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Where is the value in Hulu Plus?

June 30, 2010 | 11:35 am

Hulu, online TV, Netflix, Boxee, cable TV, over the top Full disclosure up front: I'm cheap. I went without cable for years before signing up for Sezmi's $20-a-month plan, a concession I made mainly to silence my kids' incessant demands for Cartoon Network. (Curse you, Ben Tennyson!!!) We'd also gotten by just fine without a TiVo, as miraculous a device as it is, because Hulu and similar offerings from the networks obviate the need for a recorder. With all the shows available online, a computer in the kitchen is, for all intents and purposes, the same as a TV in the kitchen.

But Hulu has to pay its bills, right? And it's been under pressure from some television programmers, particularly the ones that don't want to undermine the combination of advertising and subscription revenues they get from cable TV, to generate more dollars from viewers. So it was inevitable that Hulu would come out with a premium tier (or tiers) that carried a subscription fee.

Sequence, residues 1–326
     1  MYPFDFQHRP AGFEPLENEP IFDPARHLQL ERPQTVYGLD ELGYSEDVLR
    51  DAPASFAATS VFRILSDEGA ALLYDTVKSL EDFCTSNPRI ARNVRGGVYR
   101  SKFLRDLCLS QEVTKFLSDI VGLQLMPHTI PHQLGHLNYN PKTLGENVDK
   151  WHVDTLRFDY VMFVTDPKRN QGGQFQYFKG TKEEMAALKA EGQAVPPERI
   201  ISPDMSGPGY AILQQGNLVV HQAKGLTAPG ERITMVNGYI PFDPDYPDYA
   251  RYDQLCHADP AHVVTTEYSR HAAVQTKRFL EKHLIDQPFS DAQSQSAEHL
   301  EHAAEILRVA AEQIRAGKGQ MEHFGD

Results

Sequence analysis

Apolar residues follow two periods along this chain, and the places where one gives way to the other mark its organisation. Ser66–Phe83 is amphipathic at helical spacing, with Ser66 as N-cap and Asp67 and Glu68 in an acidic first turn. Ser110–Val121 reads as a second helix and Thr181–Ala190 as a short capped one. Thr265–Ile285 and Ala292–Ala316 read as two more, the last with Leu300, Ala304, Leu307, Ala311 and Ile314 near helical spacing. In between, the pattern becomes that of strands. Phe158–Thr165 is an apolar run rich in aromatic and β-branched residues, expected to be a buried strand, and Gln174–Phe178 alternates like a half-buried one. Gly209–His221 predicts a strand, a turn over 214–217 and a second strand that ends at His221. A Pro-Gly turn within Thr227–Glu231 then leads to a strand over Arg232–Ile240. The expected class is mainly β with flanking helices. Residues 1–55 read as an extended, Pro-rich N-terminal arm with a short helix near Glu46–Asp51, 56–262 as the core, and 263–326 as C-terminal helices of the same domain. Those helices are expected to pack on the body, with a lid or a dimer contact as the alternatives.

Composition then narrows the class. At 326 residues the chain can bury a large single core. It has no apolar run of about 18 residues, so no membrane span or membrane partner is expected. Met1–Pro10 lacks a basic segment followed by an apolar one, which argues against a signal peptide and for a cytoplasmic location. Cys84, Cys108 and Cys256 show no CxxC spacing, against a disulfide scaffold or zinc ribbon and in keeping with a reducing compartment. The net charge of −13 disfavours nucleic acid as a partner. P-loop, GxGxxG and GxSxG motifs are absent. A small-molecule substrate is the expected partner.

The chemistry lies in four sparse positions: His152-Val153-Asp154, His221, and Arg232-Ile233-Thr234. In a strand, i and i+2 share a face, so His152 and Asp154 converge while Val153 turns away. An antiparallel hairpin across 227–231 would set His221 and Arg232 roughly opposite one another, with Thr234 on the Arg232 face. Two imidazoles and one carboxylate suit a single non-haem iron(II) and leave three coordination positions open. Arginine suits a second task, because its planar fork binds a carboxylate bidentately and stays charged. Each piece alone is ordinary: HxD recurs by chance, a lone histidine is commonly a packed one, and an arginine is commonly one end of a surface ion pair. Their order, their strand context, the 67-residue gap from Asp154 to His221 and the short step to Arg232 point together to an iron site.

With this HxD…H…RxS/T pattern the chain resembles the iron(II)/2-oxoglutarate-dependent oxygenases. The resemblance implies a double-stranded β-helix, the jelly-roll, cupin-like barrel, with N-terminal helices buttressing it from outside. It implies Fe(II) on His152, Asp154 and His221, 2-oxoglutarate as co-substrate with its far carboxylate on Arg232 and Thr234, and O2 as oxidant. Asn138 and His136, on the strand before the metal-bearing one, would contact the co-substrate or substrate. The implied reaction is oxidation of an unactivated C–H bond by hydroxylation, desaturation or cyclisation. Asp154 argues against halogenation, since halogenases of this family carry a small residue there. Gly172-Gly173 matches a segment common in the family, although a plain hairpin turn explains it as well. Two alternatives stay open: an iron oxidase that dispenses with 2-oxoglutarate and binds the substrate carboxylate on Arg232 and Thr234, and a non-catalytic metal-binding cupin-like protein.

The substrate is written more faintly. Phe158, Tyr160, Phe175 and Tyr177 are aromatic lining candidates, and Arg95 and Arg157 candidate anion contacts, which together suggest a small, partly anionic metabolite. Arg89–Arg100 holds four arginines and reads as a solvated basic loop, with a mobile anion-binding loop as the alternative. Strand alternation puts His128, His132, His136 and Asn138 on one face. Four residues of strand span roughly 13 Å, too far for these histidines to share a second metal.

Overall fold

I just didn't expect Hulu Plus to be so, well, lame.

For $10 a month (OK, $9.99), Hulu Plus offers a full season's worth of episodes from this year's broadcast TV lineup (the free Hulu typically offers just the latest five episodes of each program), access to a variety of older TV series ("Roswell"! "Miami Vice"! "Quantum Leap"!) and the ability to watch Hulu on selected devices (iPhones, iPads, Xbox 360s, PlayStation 3s and certain connected TVs and Blu-ray players). In other words, it's a larger collection of content from the current providers, plus a limited degree of space shifting. For $120 a year (OK, $119.88).

That doesn't move me. I could easily see paying for content from higher-value programmers not currently available online, such as HBO and FX. And I could imagine paying for true portability -- downloadable files that could be viewed on the device of my choice. But compared with what Netflix offers for $9 a month (OK, $8.99), Hulu Plus just isn't compelling.

Of course, that's just one (parsimonious) man's opinion. What's yours?

-- Jon Healey

Healey writes editorials for The Times' Opinion Manufacturing Division.

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